There are some tough decisions to be made and it certainly is easy for us to sit back and say this or that would fix everything. But I’m starting to believe that the decisions currently being made are starting to determine whether the United States, as a democracy, will or will not survive. I total get the concept that sacrifices need to be made for the good of society; but I don’t believe that feeding, clothing, housing, and insuring those that are unwilling to contribute to the pot is or will be for the good of society.
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      09-17-2009, 10:29 AM   #32
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There are some tough decisions to be made and it certainly is easy for us to sit back and say this or that would fix everything. But I’m starting to believe that the decisions currently being made are starting to determine whether the United States, as a democracy, will or will not survive. I total get the concept that sacrifices need to be made for the good of society; but I don’t believe that feeding, clothing, housing, and insuring those that are unwilling to contribute to the pot is or will be for the good of society.
Agree with you very much on the above, especially about the changes our nation is going through. We are moving away from a society where individual ability is rewarded, to one where people will feel increasingly entitled to what they believe to be basic "rights." From each according to his ability, to each according to his need, as Marx believed, is not where our country should be headed.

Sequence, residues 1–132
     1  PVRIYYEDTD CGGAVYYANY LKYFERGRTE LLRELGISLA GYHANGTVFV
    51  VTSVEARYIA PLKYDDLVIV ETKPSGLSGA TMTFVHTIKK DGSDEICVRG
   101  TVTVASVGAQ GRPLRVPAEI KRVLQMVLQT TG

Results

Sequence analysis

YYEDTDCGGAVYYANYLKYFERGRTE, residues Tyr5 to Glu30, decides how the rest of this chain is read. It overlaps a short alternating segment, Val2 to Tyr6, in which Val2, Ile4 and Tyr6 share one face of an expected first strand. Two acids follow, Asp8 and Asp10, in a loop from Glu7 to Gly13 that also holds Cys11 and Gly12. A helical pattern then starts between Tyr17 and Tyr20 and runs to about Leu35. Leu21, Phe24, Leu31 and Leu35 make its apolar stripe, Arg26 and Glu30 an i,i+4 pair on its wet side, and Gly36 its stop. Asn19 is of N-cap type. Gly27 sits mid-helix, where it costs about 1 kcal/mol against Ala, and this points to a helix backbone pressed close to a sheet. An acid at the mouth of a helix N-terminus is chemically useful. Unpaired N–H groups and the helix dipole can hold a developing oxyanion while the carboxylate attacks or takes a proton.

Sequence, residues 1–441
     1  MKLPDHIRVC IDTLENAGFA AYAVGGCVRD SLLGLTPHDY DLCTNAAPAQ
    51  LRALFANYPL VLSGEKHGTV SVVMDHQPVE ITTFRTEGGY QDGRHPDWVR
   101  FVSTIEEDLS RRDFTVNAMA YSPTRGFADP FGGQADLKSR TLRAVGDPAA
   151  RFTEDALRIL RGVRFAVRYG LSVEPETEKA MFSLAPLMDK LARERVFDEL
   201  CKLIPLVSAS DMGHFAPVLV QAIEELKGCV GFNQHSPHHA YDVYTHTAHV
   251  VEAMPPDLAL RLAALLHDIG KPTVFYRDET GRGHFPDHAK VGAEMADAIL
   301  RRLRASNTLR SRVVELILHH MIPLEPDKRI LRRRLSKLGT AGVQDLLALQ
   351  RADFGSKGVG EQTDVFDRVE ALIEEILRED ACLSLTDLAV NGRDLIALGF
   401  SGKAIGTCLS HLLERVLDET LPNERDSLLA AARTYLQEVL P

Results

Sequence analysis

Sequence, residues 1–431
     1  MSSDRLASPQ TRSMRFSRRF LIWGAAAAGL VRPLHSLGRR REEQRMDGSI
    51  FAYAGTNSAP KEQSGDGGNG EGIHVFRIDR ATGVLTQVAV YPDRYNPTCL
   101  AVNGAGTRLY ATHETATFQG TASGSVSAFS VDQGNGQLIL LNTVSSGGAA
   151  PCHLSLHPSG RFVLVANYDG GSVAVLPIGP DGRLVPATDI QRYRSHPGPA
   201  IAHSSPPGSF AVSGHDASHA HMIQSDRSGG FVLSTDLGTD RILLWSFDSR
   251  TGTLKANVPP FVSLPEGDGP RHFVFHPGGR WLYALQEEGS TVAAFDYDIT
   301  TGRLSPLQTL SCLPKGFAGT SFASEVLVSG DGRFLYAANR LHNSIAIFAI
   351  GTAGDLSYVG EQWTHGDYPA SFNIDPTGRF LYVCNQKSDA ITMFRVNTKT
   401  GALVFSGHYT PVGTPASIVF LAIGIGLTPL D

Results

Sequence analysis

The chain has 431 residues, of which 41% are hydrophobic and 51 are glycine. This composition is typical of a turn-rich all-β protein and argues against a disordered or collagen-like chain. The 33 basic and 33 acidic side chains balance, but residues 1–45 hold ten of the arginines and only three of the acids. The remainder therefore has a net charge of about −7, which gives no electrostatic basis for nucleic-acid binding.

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      09-17-2009, 10:49 AM   #33
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Originally Posted by xbook View Post
Nope hadn't forgotten, but this was on the 12th, I had figured that flag would be flown half mast on 9/11, but not on the weekend following too.
It is a government building, so there is a zero percent chance that anyone was working in the building that weekend to raise the flag back to full staff. Every government building I saw over the weekend had their flags at half-staff, even the post office (which was open on Saturday....)
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      09-17-2009, 10:55 AM   #34
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Bush era tax cuts cost the country more than any of the stimulus spending, TARP, or the wars in Iraq & Afghanistan. If you are REALLY that concerned by gov't spending, why aren't you bitching about tax cuts for the rich?
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People seem to ignore this argument everytime its brought up. We can spend a Trillion plus on a war of choice (bad choice), but when we decide to spend that amount of money on our own people (many of them poor), the outrage begins.
Hmm, I’ll give you my opinion.